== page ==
- private landowners resident in a site should always be consulted when preparing nominations;
- boundaries should be carefully determined to include only those areas with World Heritage values;
- advisory bodies should always undertake field inspections, especially on nominations where problems are anticipated;
- 13 years is too long a time lapse for monitoring such sites but the conduct of a monitoring mission can serve to initiate action.
The Bureau should register concern with the Australian authorities that Willandra Lakes has not progressed to the normal high standard of management evident in other World Heritage sites. Current initiatives to achieve this, however, are underway and should be encouraged. The Bureau should also suggest the site be considered for re-nomination based on cultural criteria and a reduced overall size.
- NSW. n.d. Extract from internal report on Heritage Area Boundaries.
- DEST. 1994. Willandra Lakes Region. Strategic Issues Document. 52 p.
- O'Shea. R. 1994. Background Briefing Document. 16 p. plus map.
- Gostin, 0. 1993. Accessing the Dreaming- Heritage Conservation and Tourism in Mungo National Park 116 p.
- Spannerman, D. 1994. The Willandra Conundrum. Chas Stuart University Report (not seen)
Decisions adopted by the Committee in 1994
18 COM IX
SOC: Willandra Lakes Region (Australia)
Willandra Lakes Region (Australia)
The Committee was informed of IUCN's field evaluation report on the state of conservation of this property. It requested the Australian authorities to review the boundaries of the site and to continue their recent progress in improving the management of the site.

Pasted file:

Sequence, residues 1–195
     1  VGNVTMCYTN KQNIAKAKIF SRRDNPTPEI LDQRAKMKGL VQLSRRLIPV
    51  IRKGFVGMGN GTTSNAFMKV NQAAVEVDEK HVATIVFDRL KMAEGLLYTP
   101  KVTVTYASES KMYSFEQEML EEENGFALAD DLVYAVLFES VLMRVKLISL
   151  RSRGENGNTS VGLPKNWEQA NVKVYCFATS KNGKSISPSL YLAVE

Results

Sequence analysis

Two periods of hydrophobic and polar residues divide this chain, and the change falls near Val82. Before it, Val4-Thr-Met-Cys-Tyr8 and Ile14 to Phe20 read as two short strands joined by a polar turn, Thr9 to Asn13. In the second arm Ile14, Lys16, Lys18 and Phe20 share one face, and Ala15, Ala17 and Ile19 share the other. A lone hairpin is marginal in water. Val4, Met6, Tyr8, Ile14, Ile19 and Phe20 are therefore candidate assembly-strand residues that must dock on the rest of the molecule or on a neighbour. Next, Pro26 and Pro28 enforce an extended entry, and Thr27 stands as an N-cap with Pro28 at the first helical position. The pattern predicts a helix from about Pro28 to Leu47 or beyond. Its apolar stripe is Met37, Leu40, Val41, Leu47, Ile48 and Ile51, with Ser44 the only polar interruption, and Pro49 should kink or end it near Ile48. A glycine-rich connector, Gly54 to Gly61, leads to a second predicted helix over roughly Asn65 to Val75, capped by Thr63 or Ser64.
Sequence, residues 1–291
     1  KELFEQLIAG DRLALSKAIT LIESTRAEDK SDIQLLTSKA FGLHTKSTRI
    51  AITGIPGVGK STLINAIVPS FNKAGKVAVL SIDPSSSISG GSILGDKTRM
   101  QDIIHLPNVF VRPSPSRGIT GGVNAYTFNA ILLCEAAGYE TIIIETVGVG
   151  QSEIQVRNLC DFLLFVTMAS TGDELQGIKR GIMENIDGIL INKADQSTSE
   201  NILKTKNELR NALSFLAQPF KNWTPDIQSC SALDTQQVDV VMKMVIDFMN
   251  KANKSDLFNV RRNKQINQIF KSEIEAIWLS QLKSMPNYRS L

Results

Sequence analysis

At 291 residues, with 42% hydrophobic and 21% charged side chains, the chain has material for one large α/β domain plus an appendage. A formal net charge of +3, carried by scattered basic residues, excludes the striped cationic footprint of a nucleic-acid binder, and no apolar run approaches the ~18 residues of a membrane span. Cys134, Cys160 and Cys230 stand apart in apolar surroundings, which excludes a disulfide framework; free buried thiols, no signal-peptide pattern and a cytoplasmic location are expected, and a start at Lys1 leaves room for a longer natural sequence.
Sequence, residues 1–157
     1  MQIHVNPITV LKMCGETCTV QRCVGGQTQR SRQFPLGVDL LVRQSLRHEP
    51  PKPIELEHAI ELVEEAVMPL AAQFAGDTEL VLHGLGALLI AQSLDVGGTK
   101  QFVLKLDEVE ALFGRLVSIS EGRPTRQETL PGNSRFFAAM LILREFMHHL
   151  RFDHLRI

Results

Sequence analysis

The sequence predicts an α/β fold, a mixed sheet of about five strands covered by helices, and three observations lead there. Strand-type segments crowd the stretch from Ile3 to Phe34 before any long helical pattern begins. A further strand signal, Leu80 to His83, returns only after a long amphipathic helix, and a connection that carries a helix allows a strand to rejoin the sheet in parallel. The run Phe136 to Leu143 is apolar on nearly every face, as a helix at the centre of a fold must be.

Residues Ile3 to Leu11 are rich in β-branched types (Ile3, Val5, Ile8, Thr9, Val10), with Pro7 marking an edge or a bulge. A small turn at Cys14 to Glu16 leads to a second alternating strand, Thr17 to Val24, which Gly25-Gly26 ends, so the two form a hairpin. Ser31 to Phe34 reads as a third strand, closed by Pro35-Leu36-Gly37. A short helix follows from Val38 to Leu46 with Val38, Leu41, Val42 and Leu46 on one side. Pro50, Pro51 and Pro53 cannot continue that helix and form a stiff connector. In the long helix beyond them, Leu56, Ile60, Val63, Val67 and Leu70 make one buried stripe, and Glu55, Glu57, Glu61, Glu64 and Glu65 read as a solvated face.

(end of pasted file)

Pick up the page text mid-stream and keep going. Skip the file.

18 BUR VI.B
Willandra Lakes Region (Australia)
The Bureau was informed by IUCN of the first World Heritage mission to this mixed site. The report indicated problems at the site with landowner residents, aboriginal concerns as well as the fact that no management plan has yet been prepared. However, the Commonwealth is taking up these issues and furthermore, a socioeconomic impact study is underway. IUCN suggested that all authorities consider renominating the area under cultural criteria and with a reduced boundary. The Observer of Australia informed the Bureau that through the agreed management arrangements for the site, a review of the boundaries is being conducted by a Technial and Scientific Advisory Committee. The results of this review will be conveyed to the World Heritage Centre.
The Bureau took note of IUCN's suggestions that the Willandra Lakes site be considered for a revised nomination based on cultural criteria and that redefinition of the boundaries of the site be considered. The World Heritage Centre was requested to consult the Australian Government, ICOMOS, the International Union of Geological Sciences and IUCN and to report back on the findings to the Committee.
The threats indicated are listed in alphabetical order; their order does not constitute a classification according to the importance of their impact on the property.
Furthermore, they are presented irrespective of the type of threat faced by the property, i.e. with specific and proven imminent danger (“ascertained danger”) or with threats which could have deleterious effects on the property’s Outstanding Universal Value (“potential danger”).